Log in

2021 Moyal Medal Lecture & Presentation 6 Dec 2021, 11am

  • 22 Nov 2021 4:10 PM
    Message # 12141618
    Thomas Fung (Administrator)


    The Moyal Medal Committee invites you to attend the virtual lecture and presentation of the 2021 Moyal Medal to Professor Louise Ryan from the University of Technology Sydney 

    The Moyal Medal is awarded annually for research contributions to mathematics, physics or statistics, the areas of research of the late Professor José Enrique Moyal. Professor Moyal was Professor of Mathematics at Macquarie University for five years from 1973 to 1977. His insight into the interaction between mathematics, physics and statistics led him to make contributions to these disciplines which have had far-reaching ramifications in all three fields. 

    2021 Medallist Professor Louise Ryan 

    Louise Ryan Profile Picture.png

    After completing her honours degree in statistics at Macquarie University in 1978, Louise Ryan left Australia to undertake PhD studies at Harvard. On completing her PhD in 1983, she moved to the Harvard Biostatistics Department, first as a postdoctoral fellow, then a junior faculty member and finally as the Henry Pickering Walcott Professor and Chair of the Department.

    Louise returned home in 2009 as Chief of CSIRO’s Division of Mathematics, Informatics and Statistics. She joined University of Technology Sydney as a Distinguished Professor of Statistics in 2012.

    Louise has always enjoyed blending research in statistical methods with applications to compelling real world problems, particularly in the health and environmental domains. Some of her recent methodological work relates to the development of computationally and cost-efficient approaches to the design and analysis of complex spatial and longitudinal surveys. She has long-standing interests and involvement in studies assessing environmental effects on child growth and development. In the past several years, she has been collaborating with the NSW Office of the Chief Scientist and Engineer on developing strategies for effective decision making in the face of uncertainty. 

    Louise has authored or co-authored well over 300 peer-reviewed journal articles and has been recognized with several prestigious awards, including Harvard’s Centennial Medal and the Pitman Medal from the Statistical Society of Australia. She is an elected Fellow of the Australian Academy of Science as well as the National Academy of Medicine in the United States. She is a passionate advocate for the advancement of women and minorities in the statistical and mathematical sciences and active in the profession, particularly the International Biometric Society.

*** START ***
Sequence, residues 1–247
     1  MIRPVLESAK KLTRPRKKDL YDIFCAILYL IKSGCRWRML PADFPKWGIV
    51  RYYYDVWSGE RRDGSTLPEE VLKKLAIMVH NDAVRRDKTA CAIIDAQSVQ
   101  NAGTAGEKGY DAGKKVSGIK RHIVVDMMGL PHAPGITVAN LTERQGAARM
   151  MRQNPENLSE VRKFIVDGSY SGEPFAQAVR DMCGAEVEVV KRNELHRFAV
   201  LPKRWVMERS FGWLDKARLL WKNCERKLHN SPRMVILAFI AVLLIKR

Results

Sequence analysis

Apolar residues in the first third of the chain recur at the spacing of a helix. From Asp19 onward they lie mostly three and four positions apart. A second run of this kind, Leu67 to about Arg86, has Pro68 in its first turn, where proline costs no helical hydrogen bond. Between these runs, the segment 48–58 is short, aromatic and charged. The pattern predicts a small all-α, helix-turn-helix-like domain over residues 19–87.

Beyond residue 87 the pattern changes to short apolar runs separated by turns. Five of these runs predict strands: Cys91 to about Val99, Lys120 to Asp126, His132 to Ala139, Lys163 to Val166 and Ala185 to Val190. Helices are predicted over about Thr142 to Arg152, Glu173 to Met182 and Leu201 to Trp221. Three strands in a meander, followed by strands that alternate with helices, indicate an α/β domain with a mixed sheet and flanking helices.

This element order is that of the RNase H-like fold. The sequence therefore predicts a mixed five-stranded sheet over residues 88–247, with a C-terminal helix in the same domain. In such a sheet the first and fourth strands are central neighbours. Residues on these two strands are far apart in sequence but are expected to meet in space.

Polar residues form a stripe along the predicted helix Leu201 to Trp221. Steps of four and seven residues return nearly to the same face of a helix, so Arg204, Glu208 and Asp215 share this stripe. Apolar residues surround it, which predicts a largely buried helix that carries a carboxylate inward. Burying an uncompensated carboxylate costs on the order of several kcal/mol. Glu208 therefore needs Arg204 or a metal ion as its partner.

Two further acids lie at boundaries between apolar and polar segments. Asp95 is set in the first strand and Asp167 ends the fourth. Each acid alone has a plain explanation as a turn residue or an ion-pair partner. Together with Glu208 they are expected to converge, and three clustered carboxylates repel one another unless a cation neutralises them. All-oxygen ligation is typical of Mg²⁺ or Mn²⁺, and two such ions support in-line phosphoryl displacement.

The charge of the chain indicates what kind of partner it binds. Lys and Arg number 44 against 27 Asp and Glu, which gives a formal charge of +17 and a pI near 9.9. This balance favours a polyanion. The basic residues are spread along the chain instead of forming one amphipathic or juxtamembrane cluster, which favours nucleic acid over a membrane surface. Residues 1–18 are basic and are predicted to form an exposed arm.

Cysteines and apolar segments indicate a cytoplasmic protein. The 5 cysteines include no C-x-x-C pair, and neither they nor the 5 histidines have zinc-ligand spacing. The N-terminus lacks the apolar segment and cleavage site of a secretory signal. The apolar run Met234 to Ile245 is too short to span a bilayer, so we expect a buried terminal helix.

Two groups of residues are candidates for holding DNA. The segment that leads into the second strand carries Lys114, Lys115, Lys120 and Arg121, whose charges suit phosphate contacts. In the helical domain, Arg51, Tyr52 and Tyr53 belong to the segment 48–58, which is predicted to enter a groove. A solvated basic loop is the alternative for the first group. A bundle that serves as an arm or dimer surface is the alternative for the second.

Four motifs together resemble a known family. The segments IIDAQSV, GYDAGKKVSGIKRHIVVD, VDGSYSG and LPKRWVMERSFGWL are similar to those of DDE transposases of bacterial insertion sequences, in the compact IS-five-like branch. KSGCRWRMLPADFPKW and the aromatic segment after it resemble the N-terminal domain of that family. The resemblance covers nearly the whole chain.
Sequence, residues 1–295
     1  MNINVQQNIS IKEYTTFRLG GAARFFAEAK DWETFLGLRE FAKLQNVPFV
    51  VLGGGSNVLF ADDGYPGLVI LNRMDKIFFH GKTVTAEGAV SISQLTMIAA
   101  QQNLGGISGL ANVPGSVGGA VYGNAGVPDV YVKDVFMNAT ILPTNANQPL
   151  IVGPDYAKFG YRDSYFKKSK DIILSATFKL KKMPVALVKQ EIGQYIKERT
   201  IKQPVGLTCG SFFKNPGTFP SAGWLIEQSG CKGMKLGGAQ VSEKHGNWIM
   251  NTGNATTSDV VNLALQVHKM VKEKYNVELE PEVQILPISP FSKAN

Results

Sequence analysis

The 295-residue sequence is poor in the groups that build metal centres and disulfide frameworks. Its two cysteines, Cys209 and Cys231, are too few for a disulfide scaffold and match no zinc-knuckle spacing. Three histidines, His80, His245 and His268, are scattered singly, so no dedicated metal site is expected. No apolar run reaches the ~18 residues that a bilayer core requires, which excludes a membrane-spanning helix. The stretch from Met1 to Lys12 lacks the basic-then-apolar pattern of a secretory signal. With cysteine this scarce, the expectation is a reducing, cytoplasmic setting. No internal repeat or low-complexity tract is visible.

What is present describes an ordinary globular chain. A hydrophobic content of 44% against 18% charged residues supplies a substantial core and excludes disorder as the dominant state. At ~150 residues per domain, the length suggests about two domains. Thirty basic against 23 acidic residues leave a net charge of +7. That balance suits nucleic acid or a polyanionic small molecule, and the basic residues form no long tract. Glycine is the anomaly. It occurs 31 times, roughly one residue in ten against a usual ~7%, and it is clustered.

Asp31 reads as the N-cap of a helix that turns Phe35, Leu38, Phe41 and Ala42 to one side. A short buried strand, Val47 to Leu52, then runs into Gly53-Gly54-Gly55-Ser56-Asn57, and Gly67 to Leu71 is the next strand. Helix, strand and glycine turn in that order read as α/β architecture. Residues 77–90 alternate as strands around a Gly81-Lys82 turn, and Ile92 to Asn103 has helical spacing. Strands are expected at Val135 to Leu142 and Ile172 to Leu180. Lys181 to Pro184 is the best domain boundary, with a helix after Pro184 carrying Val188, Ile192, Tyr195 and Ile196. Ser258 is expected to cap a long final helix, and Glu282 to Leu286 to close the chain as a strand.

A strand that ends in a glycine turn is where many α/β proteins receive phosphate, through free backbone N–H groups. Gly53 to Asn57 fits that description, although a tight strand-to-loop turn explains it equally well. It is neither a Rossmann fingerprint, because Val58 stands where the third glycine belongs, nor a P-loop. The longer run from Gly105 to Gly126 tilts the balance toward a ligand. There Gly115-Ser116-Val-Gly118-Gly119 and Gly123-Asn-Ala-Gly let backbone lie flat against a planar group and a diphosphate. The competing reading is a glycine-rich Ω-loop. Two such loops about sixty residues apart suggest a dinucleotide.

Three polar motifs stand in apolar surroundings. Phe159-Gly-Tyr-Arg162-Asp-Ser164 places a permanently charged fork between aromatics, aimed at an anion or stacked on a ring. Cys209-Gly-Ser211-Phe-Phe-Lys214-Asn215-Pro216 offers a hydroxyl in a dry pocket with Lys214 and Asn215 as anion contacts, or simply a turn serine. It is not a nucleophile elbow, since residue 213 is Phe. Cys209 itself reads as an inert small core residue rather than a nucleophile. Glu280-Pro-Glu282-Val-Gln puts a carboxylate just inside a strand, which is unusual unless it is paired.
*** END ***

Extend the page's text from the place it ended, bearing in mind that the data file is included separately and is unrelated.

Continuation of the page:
Lecture Details 

    Monday, 6 December 2021, 11:00-12:00pm

    How statistical modelling and machine learning can offer insights about the sustainability of our precious water resources.

    Water is a precious resource, essential for agriculture and for drinking. However, water is under increasing global pressure and vulnerability due to rising populations and changing climate patterns. Because Australia is such a dry continent, protecting our water resources is of particularly critical importance and government agencies are working hard to establish and maintain reliable monitoring networks.  Modelling the resulting rich data can offer critical insights into the nature and sustainability of this resource so that effective and equitable decisions can be made regarding its usage. In this presentation, we will talk about various approaches to modelling underground aquifers, which are a significant water source for many parts of Australia. After a very brief review of classical process-based approaches based on hydro-geological theory, our main focus will be more data-driven approaches. In particular, we will discuss several strategies including dynamic regression modelling that draw on the theory of time series, as well as machine learning approaches such as neural network models and their extensions to the time series domain. We consider both “local” models focussed on the time-series analysis of a single bore as well as “global” models that incorporate data from many different bores from the same catchment. We will see that there are advantages and disadvantages to the various approaches and that this is an area with rich opportunity for further methodological exploration. We will finish up with a discussion about the potential and limitations of using these modelling strategies to project.

    Zoom link:

    Enquiries:  Hayley Prescott 

    We look forward to having you join us for this special edition of The Moyal Medal. 

    Our warmest regards, 
    The Moyal Medal Committee Macquarie University

    Last modified: 22 Nov 2021 4:20 PM | Thomas Fung (Administrator)
Powered by Wild Apricot Membership Software